Where are the Facts?
Imagine walking down the hallway of your local high school and seeing projects and pictures made by students exhibiting false claims and condemning your profession. How would that make you feel? Blue Lives Matter recently reported on a disturbing display in a Michigan high school where posters made by students cover the walls showing images of police brutality. These were part of a final assignment based on the Fourth and Fifth Amendments. When addressing the matter, the school Superintendent, Renae Galsterer, claims that the intent was not disrespect. On the contrary, as an educator you know exactly what you are doing when you create an assignment and present it to your students. You are fully aware of the consequences of your classroom actions.
A brief refresher. According to the Legal Information Institute at Cornell Law, the Fourth Amendment, “originally enforced the notion that “each man’s home is his castle,” secure from unreasonable searches and seizures of property by the government. It protects against arbitrary arrests, and is the basis of the law regarding search warrants, stop-and-frisk, safety inspections, wiretaps, and other forms of surveillance, as well as being central to many other criminal law topics and to privacy law.” Regarding the Fifth Amendment, it “creates a number of rights relevant to both criminal and civil legal proceedings.
In criminal cases, the Fifth Amendment guarantees the right to a grand jury, forbids “double jeopardy,” and protects against self-incrimination. It also requires that “due process of law” be part of any proceeding that denies a citizen “life, liberty or property” and requires the government to compensate citizens when it takes private property for public use.”
The evidence is clear. The posters hanging on the walls tell the story of the perception of law enforcement by these students. It is an unfortunate reality and one that needs to change.
In an interview with the local news station WNEM, the Superintendent states, “Our teachers and students have a deep respect for all law enforcement officers and their duty. This class actually creates a great deal of interest for our students to pursue careers in law enforcement.”
There is plenty wrong with this statement. When teaching, you walk the line of balance and bias. There is clearly no balance happening here, but plenty of bias. Where are the facts? A political agenda is quite apparent in this situation and one loaded with an anti-police narrative. It’s time to change that.
The superintendent asserts that, “Certainly there was no ill intent or disrespect meant by these posters. I sincerely apologize for any message of disrespect or misinformation that was interpreted by the photos or my students’ projects.”
Here’s the problem. We have come to a critical point in America where we must stop providing empty apologies. Law enforcement serves communities and does so willingly. They work in schools with the goal to protect and this is the treatment they receive? This is a perfect example of an apology that is completely hollow.
The law enforcement profession faces enough challenges without having to consider students’ lack of education and respect for police. This example from Michigan is telling another story. This is something much deeper than an assignment gone bad just because they were caught.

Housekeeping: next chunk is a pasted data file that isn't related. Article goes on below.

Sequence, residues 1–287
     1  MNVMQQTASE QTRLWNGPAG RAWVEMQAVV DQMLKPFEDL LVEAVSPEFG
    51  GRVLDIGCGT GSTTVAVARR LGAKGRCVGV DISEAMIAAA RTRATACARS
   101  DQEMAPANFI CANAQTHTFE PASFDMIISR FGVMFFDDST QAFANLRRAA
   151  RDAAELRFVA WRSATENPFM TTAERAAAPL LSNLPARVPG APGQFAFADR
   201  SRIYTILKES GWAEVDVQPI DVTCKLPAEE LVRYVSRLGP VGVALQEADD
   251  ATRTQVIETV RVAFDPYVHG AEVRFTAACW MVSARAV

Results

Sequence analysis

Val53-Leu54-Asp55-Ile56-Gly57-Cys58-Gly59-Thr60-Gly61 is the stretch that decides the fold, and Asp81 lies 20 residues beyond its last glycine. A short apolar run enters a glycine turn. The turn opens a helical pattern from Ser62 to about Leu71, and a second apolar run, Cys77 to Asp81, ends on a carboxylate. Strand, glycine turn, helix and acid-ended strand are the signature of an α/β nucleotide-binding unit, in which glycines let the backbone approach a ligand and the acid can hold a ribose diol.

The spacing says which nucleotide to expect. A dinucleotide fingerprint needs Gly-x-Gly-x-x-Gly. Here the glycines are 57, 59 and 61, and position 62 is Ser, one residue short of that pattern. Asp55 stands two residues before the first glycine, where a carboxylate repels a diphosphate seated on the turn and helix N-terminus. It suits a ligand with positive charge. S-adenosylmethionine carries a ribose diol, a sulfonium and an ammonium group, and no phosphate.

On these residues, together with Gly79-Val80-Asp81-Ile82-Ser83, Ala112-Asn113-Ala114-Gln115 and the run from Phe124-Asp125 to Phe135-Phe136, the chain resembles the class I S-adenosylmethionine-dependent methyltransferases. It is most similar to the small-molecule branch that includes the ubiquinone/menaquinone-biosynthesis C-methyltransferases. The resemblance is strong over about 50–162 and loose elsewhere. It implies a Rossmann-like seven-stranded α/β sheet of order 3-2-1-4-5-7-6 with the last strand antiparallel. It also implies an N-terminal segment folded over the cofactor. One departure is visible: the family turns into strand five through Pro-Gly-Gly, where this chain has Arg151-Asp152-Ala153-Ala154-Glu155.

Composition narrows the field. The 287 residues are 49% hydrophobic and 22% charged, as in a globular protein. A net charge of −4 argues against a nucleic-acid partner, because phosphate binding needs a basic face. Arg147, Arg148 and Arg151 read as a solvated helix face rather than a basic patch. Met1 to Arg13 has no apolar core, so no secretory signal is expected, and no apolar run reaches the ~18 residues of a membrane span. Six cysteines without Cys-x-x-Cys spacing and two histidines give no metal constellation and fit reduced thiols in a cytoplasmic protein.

When educators and the school system believe it is acceptable to allow students to do projects with incorrect information based on opinion only and encourage projects that perpetuate a cycle of disrespect and hate, then we have a problem.
What about facts?
The U.S. Department of Justice (DOJ) Contacts Between Police and the Public, 2015 report says, “the portion of U.S. residents age 16 or older who had experienced contact with the police in the preceding 12 months declined from 26% in 2011 to 21% in 2015, a drop in more than 9 million people (from 62.9 million to 53.5 million).” That’s something to report. The DOJ also states that, “The vast majority (83%) of residents were satisfied with the police response during their most recent contact and felt that police responded promptly (83%) and behaved properly (89%). More than half (59%) indicated that police improved the situation.” Perhaps the lesson plan needs corrections?
The superintendent speaks about intent in the comments made to the local news. The intent is obvious. Not teaching facts and presenting both sides is not educating. Using students as pawns in this political game is unfair. And what about the police? Why should they have to stand by and watch this? No one, regardless of their profession, would be comfortable walking through the halls of a school with negative images of their job plastered on the walls. Presenting students false information about law enforcement needs to stop. How about that dialogue? Where are the facts? Are those hanging on the walls of this high school? No profession is perfect. No one deserves to be the subject of ridicule and disrespect and that includes law enforcement. The police who willingly serve our communities deserve better treatment.
Lauren E. Forcucci, Ph.D. is an educator, writer, and proud American. Daughter of an immigrant, granddaughter of a veteran, friend and supporter of active-duty military, veterans, and police. Lauren has worked in higher-education teaching political science, international relations and criminal justice. Her doctoral research is in terrorism and her dissertation is titled Cyber-Jihad: Waging Virtual Terror to Create an Online Caliphate. Lauren is the owner of Limitless Edu Consulting.